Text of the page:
by Peter Kropotkin
"In 1876, after spending two years in a Russian prison, Peter Kropotkin made a daring escape to freedom, with the assistance of some friends and a horse named Barbarian. Kropotkin told the story of his flight from capture in his autobiography Memoirs of a Revolutionist. In 1987, World's End Press published a small edition of this tale, beautifully illustrated by Julian Watson. We have here a new edition of this inspiring story which includes Watson's illustrations, bound in textured felt cover stock, impressed with silver foil stamping."
About the Author:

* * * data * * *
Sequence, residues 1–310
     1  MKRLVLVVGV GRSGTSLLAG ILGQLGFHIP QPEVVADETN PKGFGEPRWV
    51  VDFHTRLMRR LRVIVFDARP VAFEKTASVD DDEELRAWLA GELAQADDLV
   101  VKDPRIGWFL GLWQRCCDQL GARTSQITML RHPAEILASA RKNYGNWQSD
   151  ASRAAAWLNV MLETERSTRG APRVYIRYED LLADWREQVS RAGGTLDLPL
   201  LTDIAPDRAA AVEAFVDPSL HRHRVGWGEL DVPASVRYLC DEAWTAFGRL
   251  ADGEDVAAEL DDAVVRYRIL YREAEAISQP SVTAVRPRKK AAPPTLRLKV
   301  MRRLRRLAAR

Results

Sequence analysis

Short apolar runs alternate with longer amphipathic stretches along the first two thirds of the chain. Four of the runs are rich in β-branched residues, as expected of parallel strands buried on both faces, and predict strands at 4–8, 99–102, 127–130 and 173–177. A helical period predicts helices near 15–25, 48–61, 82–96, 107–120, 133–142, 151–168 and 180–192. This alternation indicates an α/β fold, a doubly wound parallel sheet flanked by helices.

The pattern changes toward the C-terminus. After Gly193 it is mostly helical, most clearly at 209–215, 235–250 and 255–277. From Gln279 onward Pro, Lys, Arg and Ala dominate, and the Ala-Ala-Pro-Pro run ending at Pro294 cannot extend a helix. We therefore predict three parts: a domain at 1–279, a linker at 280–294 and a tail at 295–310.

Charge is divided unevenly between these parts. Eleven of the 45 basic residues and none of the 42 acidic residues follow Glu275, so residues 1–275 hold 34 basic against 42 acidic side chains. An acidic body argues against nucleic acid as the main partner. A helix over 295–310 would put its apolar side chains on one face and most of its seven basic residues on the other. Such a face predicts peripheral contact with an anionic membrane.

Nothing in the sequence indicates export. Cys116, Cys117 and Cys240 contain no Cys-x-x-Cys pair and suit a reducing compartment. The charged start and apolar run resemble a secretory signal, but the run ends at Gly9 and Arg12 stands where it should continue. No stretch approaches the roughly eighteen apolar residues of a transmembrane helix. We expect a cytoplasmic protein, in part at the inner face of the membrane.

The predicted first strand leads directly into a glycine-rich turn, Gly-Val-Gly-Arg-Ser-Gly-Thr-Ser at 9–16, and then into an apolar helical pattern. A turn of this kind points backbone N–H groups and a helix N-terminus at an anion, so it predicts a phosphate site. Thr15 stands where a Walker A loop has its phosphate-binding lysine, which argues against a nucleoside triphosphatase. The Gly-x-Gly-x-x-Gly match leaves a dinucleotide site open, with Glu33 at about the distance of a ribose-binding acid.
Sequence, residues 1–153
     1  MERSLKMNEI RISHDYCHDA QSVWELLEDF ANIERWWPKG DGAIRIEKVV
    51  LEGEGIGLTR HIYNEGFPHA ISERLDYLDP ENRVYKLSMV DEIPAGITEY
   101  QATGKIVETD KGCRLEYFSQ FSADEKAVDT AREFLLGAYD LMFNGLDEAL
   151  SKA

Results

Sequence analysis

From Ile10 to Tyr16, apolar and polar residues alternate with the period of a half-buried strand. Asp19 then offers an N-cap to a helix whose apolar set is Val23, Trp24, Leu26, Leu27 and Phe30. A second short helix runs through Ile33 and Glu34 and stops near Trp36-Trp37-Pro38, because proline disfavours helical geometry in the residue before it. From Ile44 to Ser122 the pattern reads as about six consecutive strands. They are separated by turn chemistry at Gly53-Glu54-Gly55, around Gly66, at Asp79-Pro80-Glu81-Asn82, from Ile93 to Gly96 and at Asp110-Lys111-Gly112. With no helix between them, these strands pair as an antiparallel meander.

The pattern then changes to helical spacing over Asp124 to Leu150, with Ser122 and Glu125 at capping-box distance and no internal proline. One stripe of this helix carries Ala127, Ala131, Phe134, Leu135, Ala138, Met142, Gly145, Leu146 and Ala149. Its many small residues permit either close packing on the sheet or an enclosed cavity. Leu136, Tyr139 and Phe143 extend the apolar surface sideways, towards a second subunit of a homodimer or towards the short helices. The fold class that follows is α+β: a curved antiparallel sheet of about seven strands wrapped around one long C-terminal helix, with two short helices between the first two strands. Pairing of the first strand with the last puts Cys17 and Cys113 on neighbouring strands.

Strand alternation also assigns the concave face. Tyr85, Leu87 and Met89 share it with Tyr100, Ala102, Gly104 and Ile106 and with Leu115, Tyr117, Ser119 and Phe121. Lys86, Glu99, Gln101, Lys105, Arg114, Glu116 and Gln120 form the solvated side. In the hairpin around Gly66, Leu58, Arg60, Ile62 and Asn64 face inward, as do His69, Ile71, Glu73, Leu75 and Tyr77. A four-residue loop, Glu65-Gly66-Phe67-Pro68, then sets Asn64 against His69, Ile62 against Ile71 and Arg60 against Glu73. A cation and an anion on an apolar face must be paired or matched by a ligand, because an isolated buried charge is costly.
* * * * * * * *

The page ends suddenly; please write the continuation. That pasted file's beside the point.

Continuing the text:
Peter Kropotkin (1842-1921) was the foremost theorist of the anarchist movement. Born a Russian Prince, he rejected his title to become a revolutionary, seeking a society based on freedom, equality, and solidarity. Imprisoned for his activism in Russia and France, his writings include The Conquest of Bread; Fields, Factories, and Workshops; Anarchism, Anarchist-Communism, and the State; Memoirs of a Revolutionist; and Modern Science and Anarchism. New editions of his classic works Mutual Aid: A Factor of Evolution; Words of a Rebel; and The Great French Revolution, 1789-1793.